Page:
I met him only once when our children's choir went to his elegant home last Christmas to sing carols for him. He sat in a Louis chair, dressed in a wool suit, an ascot around his neck. He rested his arms on the chair's arm rests. His fingers long and slender. At that moment he features reminded me of an El Greco figure, his face bearing long decades of living through sufferings and joys, yet retaining a deep contentment.
He was close to death just a few months before, yet pulled through. So we were happy to be there in his family room, surrounded by family mementos and the giant Christmas tree, a giant trainset underneath.
He delighted in the children's happy voices and clapped in rhythm with their singing. For weeks after our visit, he spoke again and again of his happiness at our coming. I often think about how little it takes to delight and how busy our lives are from seeing the power of such a corporal work of mercy.
On the Feast of the Annunciation, just a week after his Ninety-second Birthday, he fell asleep in the Lord. He died a faithful son of the Church, living through periods in this part of the South that is not especially friendly to Catholics. His beneficence to our parish is a legacy which I and my family have inherited along with fellow parishioners. Through his generosity, we are able to worship in so beautiful a space. What a debt we have in a time when ugliness is elevated, we can enter into God's house and see and smell and hear what it means to be Catholic.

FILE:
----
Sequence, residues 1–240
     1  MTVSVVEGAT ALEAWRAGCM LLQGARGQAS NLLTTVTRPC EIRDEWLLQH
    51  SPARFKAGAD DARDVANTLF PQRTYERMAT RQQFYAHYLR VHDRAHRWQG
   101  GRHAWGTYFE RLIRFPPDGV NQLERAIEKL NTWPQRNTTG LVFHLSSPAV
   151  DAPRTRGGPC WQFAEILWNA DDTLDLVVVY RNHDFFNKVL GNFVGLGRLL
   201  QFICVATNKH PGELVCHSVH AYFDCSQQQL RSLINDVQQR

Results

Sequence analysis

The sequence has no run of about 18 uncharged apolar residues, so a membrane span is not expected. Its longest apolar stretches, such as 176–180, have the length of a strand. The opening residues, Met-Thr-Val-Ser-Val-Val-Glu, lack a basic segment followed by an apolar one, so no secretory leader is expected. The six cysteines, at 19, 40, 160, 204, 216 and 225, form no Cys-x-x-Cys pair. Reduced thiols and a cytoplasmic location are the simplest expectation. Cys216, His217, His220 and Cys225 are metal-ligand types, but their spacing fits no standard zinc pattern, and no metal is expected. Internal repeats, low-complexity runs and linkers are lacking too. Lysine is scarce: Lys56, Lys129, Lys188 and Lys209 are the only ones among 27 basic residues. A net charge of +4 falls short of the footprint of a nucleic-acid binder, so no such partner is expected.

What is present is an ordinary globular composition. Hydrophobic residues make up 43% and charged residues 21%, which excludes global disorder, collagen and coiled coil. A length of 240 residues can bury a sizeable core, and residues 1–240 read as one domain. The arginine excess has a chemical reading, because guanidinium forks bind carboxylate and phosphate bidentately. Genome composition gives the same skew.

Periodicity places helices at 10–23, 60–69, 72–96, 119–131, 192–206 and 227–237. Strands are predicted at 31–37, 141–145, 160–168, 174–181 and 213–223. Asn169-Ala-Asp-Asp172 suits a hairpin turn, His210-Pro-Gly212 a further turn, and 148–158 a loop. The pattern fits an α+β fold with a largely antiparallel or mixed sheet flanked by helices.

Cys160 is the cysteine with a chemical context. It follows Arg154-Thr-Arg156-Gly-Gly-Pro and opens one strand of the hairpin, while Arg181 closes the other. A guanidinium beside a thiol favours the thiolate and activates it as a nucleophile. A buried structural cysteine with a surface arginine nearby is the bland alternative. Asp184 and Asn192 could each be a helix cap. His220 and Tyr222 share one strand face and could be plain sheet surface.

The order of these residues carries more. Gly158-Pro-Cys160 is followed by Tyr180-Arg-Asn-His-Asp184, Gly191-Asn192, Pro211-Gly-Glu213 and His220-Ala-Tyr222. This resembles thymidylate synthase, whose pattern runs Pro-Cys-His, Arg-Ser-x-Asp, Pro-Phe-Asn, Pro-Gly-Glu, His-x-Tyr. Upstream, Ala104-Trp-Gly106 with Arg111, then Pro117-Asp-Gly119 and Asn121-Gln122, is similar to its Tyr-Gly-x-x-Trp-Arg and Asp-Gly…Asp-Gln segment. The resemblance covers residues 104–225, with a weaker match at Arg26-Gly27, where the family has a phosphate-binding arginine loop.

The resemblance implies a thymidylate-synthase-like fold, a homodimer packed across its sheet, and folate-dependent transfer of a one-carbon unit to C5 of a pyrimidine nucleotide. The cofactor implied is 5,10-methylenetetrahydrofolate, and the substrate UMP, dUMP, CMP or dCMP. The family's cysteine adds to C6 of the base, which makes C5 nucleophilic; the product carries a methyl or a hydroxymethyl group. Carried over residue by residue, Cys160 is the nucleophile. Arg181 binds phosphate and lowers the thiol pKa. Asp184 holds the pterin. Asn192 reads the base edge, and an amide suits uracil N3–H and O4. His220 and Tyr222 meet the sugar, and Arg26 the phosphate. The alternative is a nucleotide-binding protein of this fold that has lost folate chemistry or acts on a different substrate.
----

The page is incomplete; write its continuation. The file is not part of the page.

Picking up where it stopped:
His large and close-knit family will miss his gentle and sweet presence. His funeral this afternoon will be first to give praise to God and to pray for the repose of this gentleman's soul, and through the reverence of the worship, may his family be consoled.
Last night, his wake was in his home, a stark contrast to the modern way of "doing death". Those coming to pay respects saw the reminders of a life lived in Faith.
Rest in peace, sweet J.J. May Martyrs receive you and Choirs of Angels greet you at your coming into the holy city of Jerusalem. And with Lazarus who once was poor, may you have rest eternal. And may our imperfect songs and chants rise up to give glory to God whom you served so well in this earthly life.